Looking to save on rent? One great strategy is subletting part of your apartment. But before you start searching for a roommate, make sure to ask the property owner if subletting is allowed.
Most landlords will want anyone subletting to sign a lease agreement – they don’t usually just let you sublet without giving them a heads up. You’ll need to understand the rules for subletting, what happens if you break the contract, and whether you need a guarantor.
It’s a smart move to chat with your landlord or realtor about your plans to sublet before you go ahead. This way, you’re all on the same page.
And if you’re a college student planning to head home during breaks, subletting could be a great option. It means you won’t have to stress about paying rent while you’re away. Just something to think about.
Looking to add a personal touch to your rental home? Maybe hang up some family photos or art pieces? If you’re planning on staying for a few years, it’s a great idea to ask your landlord if you can make these kinds of changes. Can you drill holes in the walls? Are you allowed to repaint them?
Usually, the rental agreement will spell out how much you can customise the place. And don’t forget to ask about any existing issues with the property, and how maintenance and repairs are handled.
Take The Pointe at State College, USA, for example. They allow decorations that are temporary and won’t permanently damage the walls. But be careful – if you do cause permanent damage, the landlord might charge you extra when your lease is up. So always best to check first.
Get the right contacts
Don’t forget to ask for those all-important contact numbers, especially for emergencies. Imagine a water leak in the middle of the night – you’ll want to know who to call!
If you don’t have a direct line to your real estate agent, that’s a red flag. Make sure you can reach them during business hours whenever you need to.
And don’t overlook getting the details for the building managers or strata – trust me, those contacts are super important!
Assessing damages and maintenance
So, in plain English, you’re not usually expected to pay for any damage that was already there when you moved in. However, if something gets broken or damaged while you’re living there, it could come out of your security deposit. To stay on the safe side, it’s a good idea to use any forms your landlord provides to jot down existing damages when you first move in. That way, you’ve got a record of the state of things before you started living there.
Also, be wary of leases that make you responsible for out-of-the-ordinary repairs, like fixing HVAC systems or gutters. If you run into any issues, take pictures and write down what’s wrong, then send this info over to your landlord.
It’s also a good idea to test all the faucets to make sure the water flows properly and drains well.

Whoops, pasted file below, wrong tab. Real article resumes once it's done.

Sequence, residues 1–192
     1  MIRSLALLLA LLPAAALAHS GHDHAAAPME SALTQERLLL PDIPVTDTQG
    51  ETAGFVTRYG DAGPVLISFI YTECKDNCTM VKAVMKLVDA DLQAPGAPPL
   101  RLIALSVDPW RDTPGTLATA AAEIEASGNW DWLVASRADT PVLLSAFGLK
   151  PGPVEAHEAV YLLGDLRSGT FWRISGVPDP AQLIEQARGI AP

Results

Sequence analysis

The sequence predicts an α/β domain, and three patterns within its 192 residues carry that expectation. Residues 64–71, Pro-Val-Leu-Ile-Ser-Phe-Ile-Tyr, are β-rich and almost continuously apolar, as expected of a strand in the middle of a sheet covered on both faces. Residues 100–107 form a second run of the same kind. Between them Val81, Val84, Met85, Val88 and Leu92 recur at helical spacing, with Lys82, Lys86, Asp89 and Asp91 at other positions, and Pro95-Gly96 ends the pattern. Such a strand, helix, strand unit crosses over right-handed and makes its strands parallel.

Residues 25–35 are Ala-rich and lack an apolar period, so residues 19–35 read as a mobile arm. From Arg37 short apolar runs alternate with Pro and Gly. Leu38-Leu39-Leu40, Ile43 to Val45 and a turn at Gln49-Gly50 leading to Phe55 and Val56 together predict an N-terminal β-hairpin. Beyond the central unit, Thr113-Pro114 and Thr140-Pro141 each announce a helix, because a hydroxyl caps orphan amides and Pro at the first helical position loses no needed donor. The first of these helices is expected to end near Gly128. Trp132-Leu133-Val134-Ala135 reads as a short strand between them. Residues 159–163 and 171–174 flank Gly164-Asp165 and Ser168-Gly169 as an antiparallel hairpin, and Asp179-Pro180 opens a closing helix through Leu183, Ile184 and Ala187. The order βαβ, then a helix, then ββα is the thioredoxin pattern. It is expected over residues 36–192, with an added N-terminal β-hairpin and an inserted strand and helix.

And don’t forget to take photos or even better, a video. Doing a walkthrough video before you move in is a great way to document any pre-existing damage or issues. Make sure to show the video to your real estate agent and keep a copy until you move out. Sharing these with your landlord or real estate agent can help avoid any disputes down the line.
Read the entire lease
If you come across anything that sets off alarm bells, make a note of it and bring it up before you sign on the dotted line. A well-drafted lease will detail what happens to your security deposit and when you can expect it back. It should also be clear about rules for adding or subtracting roommates, and any pet policies.
Remember, any videos or photos of pre-existing damage or wear and tear should be shared at the time of lease signing. And if you want specific things done (like a deep clean, getting rid of old curtains, or swapping out the carpet), make sure these are included in the lease.
Also, check if the apartment comes with parking or if you’ll have to grapple with finding a spot on the street. Lastly, find out who’s responsible for handling repair requests and how fast they’re usually taken care of.
Before you go…
Before we wrap up, let’s acknowledge that signing a lease in a foreign country can feel pretty intimidating. And once you’ve sorted out your housing, managing rental payments can be a real pain, right? Not to mention the constant juggling act of taking care of your needs while also supporting your family back home. It can all get a bit much.
That’s where Instarem can step in for your international money transfer.
They’re here to help you send money easily and cost efficiently overseas to over 60 countries. So, you can breathe a little easier knowing they’ve got your back!
Disclaimer: This article is intended for informational purposes only. All details are accurate at the time of publishing. Instarem has no affiliation or relationship with products or vendors mentioned.
Instarem stands at the forefront of international money transfer services, facilitating fast and secure transactions for both individuals and businesses. Our platform offers competitive exchange rates for popular currency pairs like USD to INR, SGD to INR, and AUD to INR. If you're looking to send money to India or transfer funds to any of 60+ global destinations, Instarem makes it easy for you. We are dedicated to simplifying cross-border payments, providing cutting-edge technology that support individuals and businesses alike in overcoming traditional fiscal barriers normally associated with banks. As a trusted and regulated brand under the umbrella of the Fintech Unicorn Nium Pte. Ltd., and its international subsidiaries, Instarem is your go-to for reliable global financial exchanges. Learn more about Instarem.